February 3, 2018

EARLY FRIDAY BOX OFFICE: “Winchester” Takes Day, “Jumanji” Likely To Rebound For Super Bowl Weekend


Although some films have opened well against the Super Bowl, both counterprogramming (the Hannah Montana concert movie and Dear John) and playing toward the action genre (Taken and Chronicle), as a rule the studios stay away, and that was the case this year.  The only wide opening was the low-budget horror flick WINCHESTER (CBS/Lionsgate), which had an OK Friday according to preliminary numbers at Deadline with $3.6M ($600K of it from Thursday night), but which will probably sink across the weekend, as happened to last year’s Rings, which collapsed by 69% on Super Bowl Sunday.  The weekend is likely to end up around $9M, and a $20M US total might take it to breakeven on the studio’s minimal acquisition and marketing costs.

Most of the Sunday drops this weekend will be in the 60% neighborhood, but a bit less for family movies, which should clear the way for JUMANJI: WELCOME TO THE JUNGLE (Columbia/Sony) to rebound to the #1 slot.  Its Friday was down 24% to $2.8M, which should give it a weekend at $11M, on track for $375M in the US, which will make it among other things the biggest hit of Dwayne Johnson’s career.

MAZE RUNNER: THE DEATH CURE (20th) had a case of frontloaded sequelitis, down 64% from last Friday to $3M, and on its way to a $9M weekend.  It probably won’t get past $60M in the US, down 25% from Scorch Trials, and in need of overseas help to avoid red ink.

THE GREATEST SHOWMAN (20th) continues to be unkillable in its 7th weekend, down a tiny 7% from last Friday to $2.3M for a weekend at $8M, on the road to passing $150M in the US, which will pull it beyond La La Land in the musical genre.

HOSTILES (Entertainment Services) dropped 48% Friday-to-Friday to $1.7M and should have a $5M weekend, for a US total that should end up around $30M, with limited international prospects.

12 STRONG (Alcon/Black Label/Warners) and DEN OF THIEVES (H Brothers/STX) remained closely linked at the box office, respectively down 35% from last Friday to $1.5M and down 39% to $1.4M.  Both should have $4.5-5M weekends, en route to $45-50M in the US.

THE POST (DreamWorks/Reliance/Participant/20th) was still in the lead among major Oscar nominees, down 34% from last Friday to $1.6M, for a $5M weekend and a US total that might hit $80M, which would put it behind only Lincoln among Steven Spielberg’s output in this decade.

Several Oscar nominees kept expanding, trying to capitalize on their honors until the studios start pouring prime product into the market over the next few weeks.  THE SHAPE OF WATER (Fox Searchlight) widened by 26% and dropped 19% from last Friday to $1.3M, aiming for a $4M weekend as it shoots to pass $50M in the US.  3 BILLBOARDS OUTSIDE EBBING, MISSOURI (Fox Searchlight) grew its theatre count by 19% and lost 9% from last Friday to $900K, for a $3M weekend and US total that should pass $45M.  I, TONYA (Neon) padded its theatres by more than 50% and still shed 10% from last Friday to $760K for a $2-2.5M weekend, as it hopes to reach $30M in the US.  DARKEST HOUR (Focus/Universal) added 12% more theatres and fell 6% from last Friday to $700K for a $2M weekend that positions it to pass $50M in the US.  PHANTOM THREAD (Focus/Universal) increased its theatres by 16% for a Friday-to-Friday 22% drop to $600K for a $2M weekend as it heads to perhaps $20M in the US.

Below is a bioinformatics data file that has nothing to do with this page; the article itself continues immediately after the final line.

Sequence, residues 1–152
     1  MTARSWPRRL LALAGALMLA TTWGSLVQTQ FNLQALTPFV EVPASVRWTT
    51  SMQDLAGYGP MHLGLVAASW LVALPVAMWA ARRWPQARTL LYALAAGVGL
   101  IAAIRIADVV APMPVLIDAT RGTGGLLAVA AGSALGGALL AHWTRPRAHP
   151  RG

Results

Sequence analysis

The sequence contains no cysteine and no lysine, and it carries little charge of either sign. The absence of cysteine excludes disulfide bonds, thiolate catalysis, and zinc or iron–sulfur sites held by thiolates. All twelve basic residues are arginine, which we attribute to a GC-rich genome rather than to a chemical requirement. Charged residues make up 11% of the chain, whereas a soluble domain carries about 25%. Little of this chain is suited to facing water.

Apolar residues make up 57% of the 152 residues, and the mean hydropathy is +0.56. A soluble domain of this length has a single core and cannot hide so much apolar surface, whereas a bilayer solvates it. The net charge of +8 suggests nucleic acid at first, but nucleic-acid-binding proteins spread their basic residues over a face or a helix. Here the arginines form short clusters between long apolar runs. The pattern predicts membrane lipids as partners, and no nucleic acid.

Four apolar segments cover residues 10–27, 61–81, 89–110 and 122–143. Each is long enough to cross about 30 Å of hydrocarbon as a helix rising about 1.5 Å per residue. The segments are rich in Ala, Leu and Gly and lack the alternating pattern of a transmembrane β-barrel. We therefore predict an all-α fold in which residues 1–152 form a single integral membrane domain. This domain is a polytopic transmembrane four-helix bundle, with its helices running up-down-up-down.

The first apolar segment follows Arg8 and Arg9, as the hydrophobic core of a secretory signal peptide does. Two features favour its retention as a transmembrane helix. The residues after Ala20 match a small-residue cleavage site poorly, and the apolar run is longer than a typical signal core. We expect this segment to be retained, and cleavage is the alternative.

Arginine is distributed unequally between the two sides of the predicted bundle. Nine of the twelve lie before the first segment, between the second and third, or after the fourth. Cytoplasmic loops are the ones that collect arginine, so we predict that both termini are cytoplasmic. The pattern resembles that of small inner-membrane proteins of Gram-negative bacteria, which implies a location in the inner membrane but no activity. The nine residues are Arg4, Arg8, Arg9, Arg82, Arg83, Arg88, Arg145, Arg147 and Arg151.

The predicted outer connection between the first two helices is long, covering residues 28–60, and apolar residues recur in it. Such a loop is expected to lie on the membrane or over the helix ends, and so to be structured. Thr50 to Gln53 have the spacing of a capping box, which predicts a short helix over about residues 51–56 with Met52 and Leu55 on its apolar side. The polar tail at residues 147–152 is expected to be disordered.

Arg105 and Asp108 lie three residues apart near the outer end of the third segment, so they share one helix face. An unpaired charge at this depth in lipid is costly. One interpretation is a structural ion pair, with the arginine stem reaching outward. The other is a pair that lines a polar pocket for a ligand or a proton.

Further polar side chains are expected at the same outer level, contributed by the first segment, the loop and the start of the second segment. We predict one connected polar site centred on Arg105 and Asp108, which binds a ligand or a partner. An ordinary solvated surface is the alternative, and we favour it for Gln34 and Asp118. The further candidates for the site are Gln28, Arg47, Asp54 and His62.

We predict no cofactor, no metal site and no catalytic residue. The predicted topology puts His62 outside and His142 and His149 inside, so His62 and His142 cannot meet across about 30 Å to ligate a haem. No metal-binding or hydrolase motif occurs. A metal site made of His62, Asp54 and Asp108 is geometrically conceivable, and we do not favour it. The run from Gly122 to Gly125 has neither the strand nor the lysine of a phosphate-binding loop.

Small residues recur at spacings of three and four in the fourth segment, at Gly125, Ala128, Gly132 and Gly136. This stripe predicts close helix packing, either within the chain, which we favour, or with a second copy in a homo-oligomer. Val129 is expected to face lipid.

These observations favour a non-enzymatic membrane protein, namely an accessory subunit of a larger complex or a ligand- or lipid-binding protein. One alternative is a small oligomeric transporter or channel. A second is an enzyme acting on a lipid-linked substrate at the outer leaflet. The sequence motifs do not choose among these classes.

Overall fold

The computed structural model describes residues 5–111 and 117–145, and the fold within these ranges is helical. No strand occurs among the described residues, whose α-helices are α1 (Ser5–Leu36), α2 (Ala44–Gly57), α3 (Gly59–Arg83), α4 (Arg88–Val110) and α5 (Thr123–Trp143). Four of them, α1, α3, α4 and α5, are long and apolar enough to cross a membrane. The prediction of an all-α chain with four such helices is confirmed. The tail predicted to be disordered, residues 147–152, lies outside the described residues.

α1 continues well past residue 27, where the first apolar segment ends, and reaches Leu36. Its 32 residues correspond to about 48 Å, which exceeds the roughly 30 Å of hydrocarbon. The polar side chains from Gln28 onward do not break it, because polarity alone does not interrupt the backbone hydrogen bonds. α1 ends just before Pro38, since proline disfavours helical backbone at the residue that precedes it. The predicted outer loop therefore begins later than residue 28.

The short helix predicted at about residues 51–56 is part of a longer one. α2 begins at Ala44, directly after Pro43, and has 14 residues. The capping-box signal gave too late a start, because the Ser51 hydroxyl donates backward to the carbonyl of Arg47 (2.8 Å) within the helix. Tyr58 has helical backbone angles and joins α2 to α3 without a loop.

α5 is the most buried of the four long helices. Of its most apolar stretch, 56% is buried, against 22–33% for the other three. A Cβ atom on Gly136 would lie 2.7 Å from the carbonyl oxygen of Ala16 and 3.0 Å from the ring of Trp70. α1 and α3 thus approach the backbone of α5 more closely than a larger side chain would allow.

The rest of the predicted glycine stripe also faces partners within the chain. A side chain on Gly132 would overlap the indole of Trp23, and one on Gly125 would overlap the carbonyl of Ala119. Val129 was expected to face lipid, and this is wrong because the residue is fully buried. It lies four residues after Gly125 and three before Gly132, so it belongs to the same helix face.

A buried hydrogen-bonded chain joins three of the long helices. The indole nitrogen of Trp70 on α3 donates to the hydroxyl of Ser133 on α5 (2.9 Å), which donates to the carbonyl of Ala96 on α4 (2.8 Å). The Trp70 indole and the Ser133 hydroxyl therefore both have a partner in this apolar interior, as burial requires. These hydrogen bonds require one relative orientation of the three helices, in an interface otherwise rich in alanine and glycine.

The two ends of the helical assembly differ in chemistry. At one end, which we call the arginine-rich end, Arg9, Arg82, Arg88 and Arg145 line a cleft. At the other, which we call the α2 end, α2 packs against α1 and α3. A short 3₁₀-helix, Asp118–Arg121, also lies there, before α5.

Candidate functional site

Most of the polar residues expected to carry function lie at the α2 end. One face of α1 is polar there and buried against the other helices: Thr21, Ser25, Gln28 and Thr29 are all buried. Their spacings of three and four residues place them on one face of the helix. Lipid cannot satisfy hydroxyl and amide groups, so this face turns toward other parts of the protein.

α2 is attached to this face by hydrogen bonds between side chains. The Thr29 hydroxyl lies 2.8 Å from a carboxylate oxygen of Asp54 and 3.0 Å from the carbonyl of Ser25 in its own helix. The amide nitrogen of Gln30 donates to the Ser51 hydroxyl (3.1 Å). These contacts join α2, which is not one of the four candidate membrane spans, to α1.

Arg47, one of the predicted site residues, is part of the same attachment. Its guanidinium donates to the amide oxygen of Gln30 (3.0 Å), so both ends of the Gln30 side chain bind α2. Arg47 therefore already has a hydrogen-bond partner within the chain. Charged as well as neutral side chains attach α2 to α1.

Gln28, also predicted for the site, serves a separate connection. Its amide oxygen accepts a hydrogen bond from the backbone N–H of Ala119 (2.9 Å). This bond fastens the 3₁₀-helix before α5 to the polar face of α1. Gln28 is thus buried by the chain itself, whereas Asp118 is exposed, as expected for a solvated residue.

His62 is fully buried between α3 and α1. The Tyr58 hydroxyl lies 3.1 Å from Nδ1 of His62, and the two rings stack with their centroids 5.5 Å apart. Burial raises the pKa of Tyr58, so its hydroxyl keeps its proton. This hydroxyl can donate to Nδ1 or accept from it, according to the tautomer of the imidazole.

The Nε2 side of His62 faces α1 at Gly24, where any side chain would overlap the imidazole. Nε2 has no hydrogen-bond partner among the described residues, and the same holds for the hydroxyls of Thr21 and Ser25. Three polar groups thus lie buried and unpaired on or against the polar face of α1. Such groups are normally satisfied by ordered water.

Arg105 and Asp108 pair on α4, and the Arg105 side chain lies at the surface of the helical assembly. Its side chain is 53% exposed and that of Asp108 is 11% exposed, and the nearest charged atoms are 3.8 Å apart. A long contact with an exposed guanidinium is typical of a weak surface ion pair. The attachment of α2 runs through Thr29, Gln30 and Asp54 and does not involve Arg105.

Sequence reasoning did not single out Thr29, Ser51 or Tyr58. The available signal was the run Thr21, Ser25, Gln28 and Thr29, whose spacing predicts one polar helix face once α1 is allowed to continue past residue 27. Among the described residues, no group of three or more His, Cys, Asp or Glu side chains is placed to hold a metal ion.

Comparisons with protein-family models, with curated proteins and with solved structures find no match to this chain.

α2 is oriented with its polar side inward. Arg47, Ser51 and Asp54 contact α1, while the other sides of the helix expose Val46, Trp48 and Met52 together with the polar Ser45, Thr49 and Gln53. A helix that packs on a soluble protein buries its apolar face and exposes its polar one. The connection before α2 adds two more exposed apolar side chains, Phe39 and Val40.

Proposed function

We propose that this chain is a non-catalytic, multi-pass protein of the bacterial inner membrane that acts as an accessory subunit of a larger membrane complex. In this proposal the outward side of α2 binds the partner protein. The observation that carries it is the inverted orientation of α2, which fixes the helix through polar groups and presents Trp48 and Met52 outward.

LADY BIRD (A24) kept its theatre count relatively stable, down 5%, and fell 24% from last Friday to under $400K for a weekend that should nudge past $1M and a US total that will move beyond $45M.  CALL ME BY YOUR NAME (Sony Classics) was the Oscar outlier, down by 29% in theatres and 28% from last Friday to $250K for a $750K weekend, as it hopes to hit $15M in the US.

The lone notable limited opening was Foreign-Language Film nominee A FANTASTIC WOMAN (Sony Classics), headed for a meh $10K per theatre average at 5 arthouses.

About the Author

Mitch Salem
MITCH SALEM has worked on the business side of the entertainment industry for 20 years, as a senior business affairs executive and attorney for such companies as NBC, ABC, USA, Syfy, Bravo, and BermanBraun Productions, and before that, at the NY law firm of Weil, Gotshal & Manges. During all that, he has more or less constantly been going to the movies and watching TV, and writing about both since the 1980s. His film reviews also currently appear on and In addition, he is co-writer of an episode of the television series "Felicity."